Crappie fishing, help needed: Wildlife officials invite anglers to catch fish for transfer from Sand Hollow to Gunlock

ST. GEORGE – Last fall, Gunlock Reservoir was left devoid of fish after being chemically treated to kill off an invasive species. Now state wildlife officials are working to refill the reservoir and are asking local anglers for help.

Richard Hepworth, southern region aquatics manager for the Utah Division of Wildlife Services, and other DWR at Sand Hollow reservoir, with the aid of local anglers, collect largemouth bass and other fish for relocation to Gunlock reservoir which been been devoid of fish until recently. Gunlock was chemically treatment last August to kill off smallmouth bass which are seen as a threat to endangered species in the Virgin River system, Sand Hollow State Park, Hurricane, Utah, April 21, 2016 | Photo by Mori Kessler, St. George News
Richard Hepworth, southern region aquatics manager for the Utah Division of Wildlife Services, and other DWR at Sand Hollow reservoir, with the aid of local anglers, collect largemouth bass and other fish for relocation to Gunlock reservoir which been been devoid of fish until recently. Gunlock was chemically treatment last August to kill off smallmouth bass which are seen as a threat to endangered species in the Virgin River system, Sand Hollow State Park, Hurricane, Utah, April 21, 2016 | Photo by Mori Kessler, St. George News

As of 4 p.m. Thursday, Utah Division of Wildlife Resources staff and local fishing enthusiasts had caught 230-plus largemouth bass at Sand Hollow Reservoir for transfer to Gunlock Reservoir. One tasty fish proving elusive during this unusual fish-a-thon is the crappie, a silvery sunfish that can grow up to 12 inches and weigh as much as 4 pounds.

Fishing continues Saturday for anglers who want to join the DWR in its fishing efforts to restock Gunlock Reservoir.

In fact, it wasn’t until last week when DWR personnel introduced around 40 crappies, taken from Willard Bay Reservoir in northern Utah, that Gunlock Reservoir had any fish swimming in it at all, said Richard Hepworth, DWR’s southern region aquatics manager.

DWR officials plan to move any largemouth bass, blue gills and additional crappies caught during this weekend’s fishing efforts at Sand Hollow Reservoir to Gunlock Reservoir as soon as possible.

We’re getting a new group of fish ready to go in there really quick,” Hepworth said.

An advantage of moving the largemouth bass at this time is that many are ready to spawn. So while adult fish will be introduced to Gunlock, a new generation won’t be far behind them.

And while DWR personnel could take the time to collect the fish through casting nets and other means, they’ve found there’s a better way when it comes to causing less stress and injury on the fish.

Personnel with the Utah Division of Wildlife Services at Sand Hollow reservoir, with the aid of local anglers, collect largemouth bass and other fish for relocation to Gunlock reservoir which been been devoid of fish until recently. Gunlock was chemically treatment last August to kill off smallmouth bass which are seen as a threat to endangered species in the Virgin River system, Sand Hollow State Park, Hurricane, Utah, April 21, 2016 | Photo by Mori Kessler, St. George News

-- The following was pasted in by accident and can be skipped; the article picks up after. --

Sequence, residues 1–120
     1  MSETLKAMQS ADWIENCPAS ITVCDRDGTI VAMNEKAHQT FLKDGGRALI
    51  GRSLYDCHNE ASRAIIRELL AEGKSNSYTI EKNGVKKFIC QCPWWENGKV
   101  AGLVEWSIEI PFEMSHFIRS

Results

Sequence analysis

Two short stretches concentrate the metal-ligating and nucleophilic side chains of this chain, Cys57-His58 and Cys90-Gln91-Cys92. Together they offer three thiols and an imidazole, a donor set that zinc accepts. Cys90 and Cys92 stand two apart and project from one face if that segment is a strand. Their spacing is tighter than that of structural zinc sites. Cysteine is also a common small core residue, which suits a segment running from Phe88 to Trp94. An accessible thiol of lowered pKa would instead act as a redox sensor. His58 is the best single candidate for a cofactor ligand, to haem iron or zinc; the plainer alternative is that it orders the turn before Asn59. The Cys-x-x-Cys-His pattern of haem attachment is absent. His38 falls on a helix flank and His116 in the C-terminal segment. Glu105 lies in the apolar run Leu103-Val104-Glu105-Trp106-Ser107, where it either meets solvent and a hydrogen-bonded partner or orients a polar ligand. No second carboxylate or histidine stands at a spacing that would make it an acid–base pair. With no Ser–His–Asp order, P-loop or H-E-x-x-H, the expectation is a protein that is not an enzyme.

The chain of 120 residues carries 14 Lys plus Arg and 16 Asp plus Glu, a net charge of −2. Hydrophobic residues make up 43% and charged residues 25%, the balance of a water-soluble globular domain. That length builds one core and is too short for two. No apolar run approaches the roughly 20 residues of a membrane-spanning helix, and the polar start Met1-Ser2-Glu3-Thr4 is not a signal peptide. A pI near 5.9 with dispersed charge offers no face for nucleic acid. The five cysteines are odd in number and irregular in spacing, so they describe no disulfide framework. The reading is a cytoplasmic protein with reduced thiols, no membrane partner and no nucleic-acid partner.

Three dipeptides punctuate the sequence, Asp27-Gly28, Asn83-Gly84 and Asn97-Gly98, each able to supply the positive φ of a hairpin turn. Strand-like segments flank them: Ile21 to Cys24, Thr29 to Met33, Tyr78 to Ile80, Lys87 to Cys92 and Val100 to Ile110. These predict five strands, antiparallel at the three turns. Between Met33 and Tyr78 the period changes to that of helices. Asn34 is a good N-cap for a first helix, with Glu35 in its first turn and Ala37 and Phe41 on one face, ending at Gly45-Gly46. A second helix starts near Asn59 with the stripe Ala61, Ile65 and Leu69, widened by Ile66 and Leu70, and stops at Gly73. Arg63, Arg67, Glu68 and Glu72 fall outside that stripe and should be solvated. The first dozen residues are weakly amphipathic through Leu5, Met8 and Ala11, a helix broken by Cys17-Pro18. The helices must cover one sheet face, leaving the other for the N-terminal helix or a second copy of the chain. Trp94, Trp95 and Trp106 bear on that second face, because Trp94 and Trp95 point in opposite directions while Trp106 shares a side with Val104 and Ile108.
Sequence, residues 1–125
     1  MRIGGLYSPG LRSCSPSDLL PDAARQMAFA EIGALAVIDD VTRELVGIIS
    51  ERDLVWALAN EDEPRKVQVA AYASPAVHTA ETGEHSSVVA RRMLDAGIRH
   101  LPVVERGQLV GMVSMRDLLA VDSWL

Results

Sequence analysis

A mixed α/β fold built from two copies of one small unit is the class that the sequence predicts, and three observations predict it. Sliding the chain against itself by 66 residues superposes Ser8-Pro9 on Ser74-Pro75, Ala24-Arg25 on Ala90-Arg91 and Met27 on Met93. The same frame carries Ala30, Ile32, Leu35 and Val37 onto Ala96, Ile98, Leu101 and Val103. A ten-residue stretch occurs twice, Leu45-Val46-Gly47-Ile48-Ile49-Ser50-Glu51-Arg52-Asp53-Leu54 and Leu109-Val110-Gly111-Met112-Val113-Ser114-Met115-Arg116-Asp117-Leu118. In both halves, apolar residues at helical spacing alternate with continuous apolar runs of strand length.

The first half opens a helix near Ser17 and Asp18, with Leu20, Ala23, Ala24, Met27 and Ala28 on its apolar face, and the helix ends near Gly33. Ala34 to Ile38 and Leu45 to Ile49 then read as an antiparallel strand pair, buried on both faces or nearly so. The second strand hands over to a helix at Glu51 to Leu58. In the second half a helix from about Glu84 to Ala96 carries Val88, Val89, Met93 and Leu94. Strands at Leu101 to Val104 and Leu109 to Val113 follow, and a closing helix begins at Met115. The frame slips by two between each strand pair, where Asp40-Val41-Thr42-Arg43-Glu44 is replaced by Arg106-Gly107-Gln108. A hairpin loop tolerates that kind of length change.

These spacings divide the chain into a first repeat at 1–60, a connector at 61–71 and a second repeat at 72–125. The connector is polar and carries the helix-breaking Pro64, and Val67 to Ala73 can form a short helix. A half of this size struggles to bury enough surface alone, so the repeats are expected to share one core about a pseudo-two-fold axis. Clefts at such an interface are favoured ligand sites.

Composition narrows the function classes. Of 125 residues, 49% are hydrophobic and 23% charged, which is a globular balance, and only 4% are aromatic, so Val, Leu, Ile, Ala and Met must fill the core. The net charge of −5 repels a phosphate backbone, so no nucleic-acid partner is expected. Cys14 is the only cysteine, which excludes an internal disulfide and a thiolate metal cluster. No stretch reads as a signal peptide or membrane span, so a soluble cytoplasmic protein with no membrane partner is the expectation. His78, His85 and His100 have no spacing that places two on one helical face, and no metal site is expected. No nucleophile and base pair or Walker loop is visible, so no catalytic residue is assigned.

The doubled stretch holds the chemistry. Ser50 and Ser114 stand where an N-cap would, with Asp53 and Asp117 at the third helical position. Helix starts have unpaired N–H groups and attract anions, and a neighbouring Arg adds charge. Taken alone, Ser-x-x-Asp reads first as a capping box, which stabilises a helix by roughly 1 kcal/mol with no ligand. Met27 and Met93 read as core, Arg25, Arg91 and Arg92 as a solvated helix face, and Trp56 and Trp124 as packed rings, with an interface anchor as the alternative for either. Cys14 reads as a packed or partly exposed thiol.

Personnel with the Utah Division of Wildlife Services at Sand Hollow reservoir, with the aid of local anglers, collect largemouth bass and other fish for relocation to Gunlock reservoir which been been devoid of fish until recently. Gunlock was chemically treatment last August to kill off smallmouth bass which are seen as a threat to endangered species in the Virgin River system, Sand Hollow State Park, Hurricane, Utah, April 21, 2016 | Photo by Mori Kessler, St. George News

To he honest, fishing gear is one of the easiest on the fish,” Hepwoth said.

So anglers are invited to go to Sand Hollow Reservoir this week and give the DWR a hand. DWR officials will either be at the boat docks or out on the water. Hepworth said the DWR boat will be easily recognizable.

Fish caught by anglers and given to the DWR will be placed in a truck and transported to Gunlock.

The goal is to place up to 300 largemouth bass in Gunlock Reservoir. A hundred were fished out of Sand Hollow Tuesday, which another 130 caught Thursday. The last day for the fishing will be Saturday.

The invasive species that triggered the chemical treatment at Gunlock was the smallmouth bass, Hepworth said. Those fish, among others, are considered prohibited for introduction to the Virgin River system, which is home to several threatened and endangered native fish species.

Moving 300 largemouth bass to Gunlock will help revitalize the reservoir, Hepworth said, as well as help support the remaining population in Sand Hollow by cutting down the competition.

“We’re really helping the ones that are left,” he said.

Even if some want to fish for themselves, Hepworth still invites people to come to Sand Hollow and fish, adding the fishing this season is great.

Click on photo to enlarge it, then use your left-right arrow keys to cycle through the gallery. 

Resources

Email: mkessler@stgnews.com

Twitter: @MoriKessler

Copyright St. George News, SaintGeorgeUtah.com LLC, 2016, all rights reserved.

 

Free News Delivery by Email

Would you like to have the day's news stories delivered right to your inbox every evening? Enter your email below to start!

Leave a Reply

This site uses Akismet to reduce spam. Learn how your comment data is processed.